Potato Rolls

Potato Rolls

Everyone at the table will be reaching for one of these tender, fluffy rolls that pairs well with almost any dish.

Potato Rolls
Makes 24
  • 2 medium russet potatoes, peeled and cut into 1-inch pieces
  • 1 tablespoon (9 grams) active dry yeast
  • ½ cup (100 grams) sugar, divided
  • 6 to 6½ cups (875 to 938 grams) all-purpose flour, divided
  • ¼ cup (57 grams) unsalted butter, softened
  • 2 tablespoons (18 grams) kosher salt
  • 1 tablespoon fresh lemon juice
  • 2 large eggs
  • Melted butter
  • Flaked salt
  1. In a large saucepan, bring potatoes and water to cover to a boil over medium-high heat; cook until tender, 10 to 12 minutes. Drain, reserving 2 cups liquid. Press potato through a potato ricer, and let cool completely.
  2. In the bowl of a stand mixer, combine 2 cups reserved potato water, yeast, and 2 teaspoons (8 grams) sugar; let stand until mixture is foamy, about 5 minutes.
  3. Stir in mashed potatoes, 3 cups (420 grams) flour, softened butter, salt, lemon juice, eggs, and remaining sugar. Using the paddle attachment, beat at medium speed until smooth. Gradually beat in remaining 3 to 3½ cups (420 to 490 grams) flour until a soft dough forms.
  4. Turn out dough onto a heavily floured surface, and knead until smooth and elastic, 2 to 3 minutes, sprinkling with additional flour as needed. Spray a large bowl with cooking spray. Place dough in bowl, turning to grease top. Cover and let rise in a warm, draft-free place (75°), until doubled in size, about 2 hours.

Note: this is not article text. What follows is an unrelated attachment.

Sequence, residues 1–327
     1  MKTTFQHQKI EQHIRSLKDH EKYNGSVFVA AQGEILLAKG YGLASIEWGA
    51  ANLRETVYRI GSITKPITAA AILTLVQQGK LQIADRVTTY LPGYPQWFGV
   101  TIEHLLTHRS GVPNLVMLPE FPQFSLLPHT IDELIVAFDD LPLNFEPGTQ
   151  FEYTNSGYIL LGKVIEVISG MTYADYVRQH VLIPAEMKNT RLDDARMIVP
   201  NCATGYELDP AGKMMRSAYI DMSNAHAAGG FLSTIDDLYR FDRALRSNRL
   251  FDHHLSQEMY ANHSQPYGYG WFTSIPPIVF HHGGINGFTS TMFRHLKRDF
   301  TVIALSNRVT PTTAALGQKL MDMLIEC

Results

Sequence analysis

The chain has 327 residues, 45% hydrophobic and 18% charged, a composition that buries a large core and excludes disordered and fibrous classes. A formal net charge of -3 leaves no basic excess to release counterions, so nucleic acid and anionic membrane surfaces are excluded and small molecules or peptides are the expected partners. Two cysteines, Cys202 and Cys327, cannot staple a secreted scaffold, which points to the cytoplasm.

5. Line a baking sheet with parchment paper, and lightly spray with cooking spray.
  6. Divide dough into 24 equal pieces. Roll each piece into a ball. Place on prepared pan. Cover and let stand in a warm, draft-free place (75°) until puffed, about 45 minutes.
  7. Preheat oven to 350°F. Bake until golden brown, 25 to 30 minutes. Brush with melted butter, and sprinkle with flaked salt


    • Hey Gayle,

      A potato ricer is essentially a kitchen press that presses cooked potatoes through small holes (about the diameter of a grain of rice) to create small slivers of potato. It creates very fine, fluffy mashed potatoes.


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